Afghans turn out for historic elections, with 'uncoordinated' attacks reported

9 October 2004

Refugees from Afghanistan living in camps and residents of the war-torn nation cast their ballots today in an historic presidential poll amid sporadic violence that officials said was unsystematic.

“Preliminary indications are that a good number of voters are going to the polling stations,” UN spokesman Manoel de Almeida e Silva told reporters in Kabul. “As of nine o'clock this morning, we only have reports of one polling station that did not open and that is in Nuristan, as a result of flooding.”

Among refugees, the first Afghan to vote in Islamabad was 19-year old Muqadasa Sidiqi.

But reports of violence marred the milestone election. Ministry of Defence Spokesman General Zaher Azimi reported that four people were injured during an attack on Afghan National Army forces outside of Kabul. He also cited reports of an attack in Farah province.

But he stressed that “the voting is going on as normal and people are going to the voting stations and voting for the candidate they like.”

Ministry of Interior Spokesman Lutfullah Mashal said there were “some minor attacks on polling stations” overnight “but no casualties are reported as of yet.”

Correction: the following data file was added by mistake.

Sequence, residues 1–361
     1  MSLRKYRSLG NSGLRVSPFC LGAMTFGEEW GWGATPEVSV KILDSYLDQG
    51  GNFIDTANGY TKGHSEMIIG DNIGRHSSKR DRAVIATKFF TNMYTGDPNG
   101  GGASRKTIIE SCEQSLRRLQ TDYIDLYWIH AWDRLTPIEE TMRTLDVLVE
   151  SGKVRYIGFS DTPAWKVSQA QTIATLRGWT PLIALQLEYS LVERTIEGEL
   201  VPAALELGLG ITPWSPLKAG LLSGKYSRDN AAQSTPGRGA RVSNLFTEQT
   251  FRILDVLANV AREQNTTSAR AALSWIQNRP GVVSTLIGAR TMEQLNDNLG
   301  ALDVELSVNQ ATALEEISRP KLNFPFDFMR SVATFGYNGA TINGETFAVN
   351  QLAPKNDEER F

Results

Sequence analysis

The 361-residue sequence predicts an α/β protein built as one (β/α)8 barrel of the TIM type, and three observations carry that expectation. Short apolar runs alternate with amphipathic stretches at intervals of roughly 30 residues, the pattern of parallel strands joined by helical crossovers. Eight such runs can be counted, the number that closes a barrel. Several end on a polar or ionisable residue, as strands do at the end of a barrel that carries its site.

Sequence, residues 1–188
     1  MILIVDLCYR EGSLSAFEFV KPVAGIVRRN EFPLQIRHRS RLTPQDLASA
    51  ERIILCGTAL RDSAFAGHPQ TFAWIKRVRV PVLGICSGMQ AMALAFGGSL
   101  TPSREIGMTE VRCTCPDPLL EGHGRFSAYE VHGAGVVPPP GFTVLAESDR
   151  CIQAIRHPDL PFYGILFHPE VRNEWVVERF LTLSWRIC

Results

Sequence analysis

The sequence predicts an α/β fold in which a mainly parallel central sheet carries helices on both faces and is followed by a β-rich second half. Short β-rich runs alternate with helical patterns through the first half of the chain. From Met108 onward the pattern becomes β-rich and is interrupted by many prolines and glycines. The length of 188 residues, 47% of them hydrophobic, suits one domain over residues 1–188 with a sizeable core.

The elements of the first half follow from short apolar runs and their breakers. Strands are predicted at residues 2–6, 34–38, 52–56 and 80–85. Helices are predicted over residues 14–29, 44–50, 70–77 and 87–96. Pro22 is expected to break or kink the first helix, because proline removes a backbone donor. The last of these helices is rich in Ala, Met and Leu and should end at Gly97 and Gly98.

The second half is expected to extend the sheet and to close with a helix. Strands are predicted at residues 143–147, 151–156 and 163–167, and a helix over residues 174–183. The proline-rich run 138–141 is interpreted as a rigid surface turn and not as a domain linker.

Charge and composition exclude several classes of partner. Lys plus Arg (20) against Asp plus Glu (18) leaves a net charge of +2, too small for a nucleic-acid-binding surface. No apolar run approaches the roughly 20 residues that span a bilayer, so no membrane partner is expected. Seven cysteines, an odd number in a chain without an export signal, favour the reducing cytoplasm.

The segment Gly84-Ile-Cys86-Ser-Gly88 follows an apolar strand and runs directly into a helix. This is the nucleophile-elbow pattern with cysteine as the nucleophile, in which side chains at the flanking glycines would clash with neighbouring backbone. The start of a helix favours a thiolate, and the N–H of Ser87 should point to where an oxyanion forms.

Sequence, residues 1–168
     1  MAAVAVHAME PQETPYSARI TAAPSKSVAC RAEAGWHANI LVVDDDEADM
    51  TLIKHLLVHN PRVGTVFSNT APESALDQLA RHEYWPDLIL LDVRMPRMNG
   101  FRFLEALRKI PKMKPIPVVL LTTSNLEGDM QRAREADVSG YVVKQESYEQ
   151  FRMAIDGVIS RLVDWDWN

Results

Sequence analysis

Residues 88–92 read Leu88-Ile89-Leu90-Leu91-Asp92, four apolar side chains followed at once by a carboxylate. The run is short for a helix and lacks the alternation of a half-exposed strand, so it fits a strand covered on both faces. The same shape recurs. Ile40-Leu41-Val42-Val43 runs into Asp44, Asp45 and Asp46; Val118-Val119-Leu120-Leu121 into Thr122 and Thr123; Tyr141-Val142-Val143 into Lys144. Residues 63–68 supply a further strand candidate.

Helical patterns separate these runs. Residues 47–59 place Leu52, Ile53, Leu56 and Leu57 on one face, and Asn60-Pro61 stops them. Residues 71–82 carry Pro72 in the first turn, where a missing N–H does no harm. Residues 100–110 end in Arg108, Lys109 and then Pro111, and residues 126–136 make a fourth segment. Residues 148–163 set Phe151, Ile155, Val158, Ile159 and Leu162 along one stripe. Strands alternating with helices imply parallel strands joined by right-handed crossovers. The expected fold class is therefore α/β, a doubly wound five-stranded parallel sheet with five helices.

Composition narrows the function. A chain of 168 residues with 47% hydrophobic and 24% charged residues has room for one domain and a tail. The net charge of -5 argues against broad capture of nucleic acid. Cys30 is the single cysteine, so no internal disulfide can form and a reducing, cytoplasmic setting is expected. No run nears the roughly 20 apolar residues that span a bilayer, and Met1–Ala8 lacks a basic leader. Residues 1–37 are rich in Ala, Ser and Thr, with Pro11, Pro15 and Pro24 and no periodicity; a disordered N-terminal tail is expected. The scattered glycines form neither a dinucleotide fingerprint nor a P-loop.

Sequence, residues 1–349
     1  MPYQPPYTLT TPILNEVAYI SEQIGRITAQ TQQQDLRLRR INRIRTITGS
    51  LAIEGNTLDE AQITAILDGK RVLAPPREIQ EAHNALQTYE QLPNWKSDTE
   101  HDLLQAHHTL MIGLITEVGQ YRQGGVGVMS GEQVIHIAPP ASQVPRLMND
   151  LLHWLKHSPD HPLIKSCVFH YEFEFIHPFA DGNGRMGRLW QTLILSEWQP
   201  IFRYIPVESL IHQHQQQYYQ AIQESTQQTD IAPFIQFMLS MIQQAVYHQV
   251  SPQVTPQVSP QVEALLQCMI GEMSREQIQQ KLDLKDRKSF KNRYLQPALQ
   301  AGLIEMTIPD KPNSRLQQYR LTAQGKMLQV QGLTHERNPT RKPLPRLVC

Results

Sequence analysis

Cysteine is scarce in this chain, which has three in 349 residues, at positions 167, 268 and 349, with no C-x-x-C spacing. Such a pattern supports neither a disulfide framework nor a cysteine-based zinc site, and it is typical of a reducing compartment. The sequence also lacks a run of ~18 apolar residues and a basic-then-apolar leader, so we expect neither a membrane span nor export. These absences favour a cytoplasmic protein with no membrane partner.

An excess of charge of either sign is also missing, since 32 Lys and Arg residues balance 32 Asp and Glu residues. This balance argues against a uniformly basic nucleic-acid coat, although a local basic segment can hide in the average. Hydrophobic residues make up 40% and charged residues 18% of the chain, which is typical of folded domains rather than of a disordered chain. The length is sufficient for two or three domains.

He described the violence as “uncoordinated, hit and run or indirect attacks” and praised the cooperation between Afghan and international security forces.

The Joint Afghan-UN board overseeing the process issued a statement in response to allegations of irregularities by a number of candidates who are calling for the election to be halted and for the votes already cast to be invalidated.

“Given the complexities of this electoral process, there have inevitably been some technical problems,” the board, known as JEMB, said. But it emphasized that “halting the voting at this point is unjustified and would deny these individuals their fundamental right to vote.”

The statement reassured voters, candidates, and observers that procedures exist to respond to complaints. “All complaints and irregularities raised with the JEMB will be thoroughly investigated and taken into account when the JEMB deliberates on the extent to which the election accurately reflects the will of the Afghan people.”

The Board encouraged all Afghans to vote and, “above all, to maintain the peaceful environment that has prevailed today throughout the country.”

 

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